Jones appropriately punctuated a season that saw him earn All-SMAC Most Outstanding and All-County Athlete of the Year nods.

“People know who we are now in Maryland,” Jones said after leading Stone to a county-best 38 points in sixth place at the state meet to ironically match the output and placement of his girls team there. “We used to go to track meets and people were like, ‘Who is Thomas Stone? We don’t have to worry about them.’

“I feel very accomplished because I put my school on the map.”

Close only matters in horseshoes and hand grenades

On the flipside of the coin, the emotions were not so grand for SMAC and county girls track and field Athlete of the Year Tillman.

After a dazzling run to the state meet that had Tillman a major 4A state contender in the 100, 200 and 400, the North Point phenom settled for no Maryland gold in any of her three events while bothered by a quad injury she sustained there.

The junior was the state runner-up in the 100, fourth in the 400 and sixth in the 200.

Tillman’s 800 relay squad, also a state-title hopeful, scratched out of the event due to her status and the sudden sickness of a teammate.

“I’m disappointed because of the injury,” Tillman said. “Mentally, I wasn’t prepared [for states]. This whole season, I predicted something bad would happen [at states] because I’ve been running four events at every meet. I knew my body would give out.

“I want to win a state title. It would be like the best thing. I have to take better care of my body.”

Disappointment only scratched the surface of the gut-wrenching emotions that plagued McDonough after the 2A state softball title game.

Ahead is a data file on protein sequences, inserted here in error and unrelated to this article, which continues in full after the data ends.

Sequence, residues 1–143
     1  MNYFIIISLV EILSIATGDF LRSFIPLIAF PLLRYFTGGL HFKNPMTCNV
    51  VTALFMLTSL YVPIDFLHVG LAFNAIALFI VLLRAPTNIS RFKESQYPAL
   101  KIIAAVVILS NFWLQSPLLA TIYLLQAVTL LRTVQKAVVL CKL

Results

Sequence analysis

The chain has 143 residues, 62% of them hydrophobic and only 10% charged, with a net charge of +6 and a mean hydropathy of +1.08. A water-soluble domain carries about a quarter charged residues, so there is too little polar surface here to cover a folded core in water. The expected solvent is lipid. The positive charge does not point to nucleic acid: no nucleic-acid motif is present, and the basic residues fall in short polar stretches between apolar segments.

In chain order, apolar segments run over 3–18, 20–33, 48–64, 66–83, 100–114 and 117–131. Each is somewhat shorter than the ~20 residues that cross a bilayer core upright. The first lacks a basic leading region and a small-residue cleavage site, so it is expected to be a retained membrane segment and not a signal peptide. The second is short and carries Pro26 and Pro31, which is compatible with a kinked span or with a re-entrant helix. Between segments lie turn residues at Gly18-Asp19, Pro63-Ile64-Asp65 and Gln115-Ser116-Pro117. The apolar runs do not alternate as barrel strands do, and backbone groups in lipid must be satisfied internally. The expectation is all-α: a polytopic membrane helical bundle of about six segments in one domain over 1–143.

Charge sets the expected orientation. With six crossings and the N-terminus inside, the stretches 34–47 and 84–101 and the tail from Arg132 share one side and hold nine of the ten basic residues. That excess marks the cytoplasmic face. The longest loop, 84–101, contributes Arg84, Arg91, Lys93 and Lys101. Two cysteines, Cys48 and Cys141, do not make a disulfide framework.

In line for the program’s second state banner in four years by taking a 2-0 lead into the final inning, McDonough was unable to secure the victory just three outs away from claiming the high-stakes contest.

Liberty of Carroll County pulled off a dramatic comeback in the bottom of the seventh for the 3-2 win that ended in controversial fashion on May 25 at the University of Maryland’s Robert E. Taylor Stadium in College Park

Tied at 2, Liberty’s Natalie Gill missed a bunt attempt as base runners Sammy Bost and Rebecca Oneto attempted a double steal.

Bost beat the throw to third but slid past the bag and appeared to be tagged out by McDonough’s Molly Simpson.

Instead of going back to third, Bost took off for home and Simpson chased her down the third-base line. Simpson could not get off a throw to home before Bost slid safely past McDonough catcher Vicki McKenzie, shockingly ending the state final in Liberty’s favor.

“I didn’t feel a tag,” Bost said on her slide past the third-base bag. “I wasn’t going to go back into a tag, so I figured I’d either get in a rundown or go [home] to score. I overslid the base and I was like, ‘Oh my God, I’m letting my team down right now.’